The manufacturing sector shed 8,000 more jobs in March as the nonfarm U.S. economy created 110,000 new jobs, just half of the 220,000 new jobs that economists generally expected. Most of the jobs lost in manufacturing last month were in apparel, down by 5,000 jobs, and textiles, which lost 2,000 jobs, as both segments "continued to experience long-term job declines," the U.S. Labor Department stated when reporting the March employment numbers on April 1.
"Productivity must be booming in manufacturing-either that or industrial activity is fading away pretty quickly," says Merrill Lynch & Co., New York. "Factory payrolls defied expectations by dropping 8,000 and the manufacturing workweek slid 0.2% for the month-the second month in a row," its analysts note.
The employment news was considerably better in construction and mining, which together with manufacturing and mining constitute the goods-producing segment of the economy. Construction jobs increased by 26,000 in March, following a 31,000 increase in February. With 5,300 jobs added in March, mining employment rose for the fifth consecutive month.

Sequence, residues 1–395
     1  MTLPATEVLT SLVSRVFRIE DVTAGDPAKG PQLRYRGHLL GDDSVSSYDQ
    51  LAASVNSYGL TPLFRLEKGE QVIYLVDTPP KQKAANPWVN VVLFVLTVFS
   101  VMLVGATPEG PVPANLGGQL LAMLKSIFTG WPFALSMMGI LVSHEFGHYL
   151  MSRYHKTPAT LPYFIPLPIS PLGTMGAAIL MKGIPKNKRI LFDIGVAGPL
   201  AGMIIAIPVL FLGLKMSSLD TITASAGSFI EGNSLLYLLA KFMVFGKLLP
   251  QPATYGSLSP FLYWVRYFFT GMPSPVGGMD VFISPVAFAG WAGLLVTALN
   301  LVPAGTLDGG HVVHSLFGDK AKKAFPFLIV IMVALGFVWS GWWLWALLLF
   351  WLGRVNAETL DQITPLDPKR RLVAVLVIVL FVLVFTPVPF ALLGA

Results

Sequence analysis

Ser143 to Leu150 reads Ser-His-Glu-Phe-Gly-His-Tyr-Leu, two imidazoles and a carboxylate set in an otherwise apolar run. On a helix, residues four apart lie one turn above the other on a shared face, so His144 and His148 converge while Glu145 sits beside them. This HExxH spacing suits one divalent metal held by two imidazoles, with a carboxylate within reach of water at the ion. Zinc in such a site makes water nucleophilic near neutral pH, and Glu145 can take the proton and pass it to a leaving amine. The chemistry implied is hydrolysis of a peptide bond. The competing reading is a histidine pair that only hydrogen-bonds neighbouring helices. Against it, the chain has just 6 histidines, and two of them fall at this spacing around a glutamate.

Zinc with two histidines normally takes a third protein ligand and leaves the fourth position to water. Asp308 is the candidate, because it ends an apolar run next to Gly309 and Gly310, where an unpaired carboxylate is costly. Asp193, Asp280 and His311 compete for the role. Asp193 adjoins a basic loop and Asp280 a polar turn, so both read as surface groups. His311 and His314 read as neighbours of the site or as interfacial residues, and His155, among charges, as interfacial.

Overall, the U.S. jobless rate fell to 5.2% last month from 5.4% in February, but that's largely because there were 326,000 fewer people in the nation's labor pool in March, figures Merrill. The investment firm characterizes last Friday's Labor Department numbers as "entirely disappointing . . . especially in the context of a business cycle expansion that is well into year number four." Still, its economists do not expect the Federal Open Market Committee to abandon its "measured" tightening of the U.S. money supply anytime soon. "Fed Chairman [Alan] Greenspan et al are likely to look at the average nonfarm payroll numbers over the past three months just a shade below 160,000 and conclude that the labor market is still robust, even if that tally is below the 190,000 average over the prior three months," says Merrill.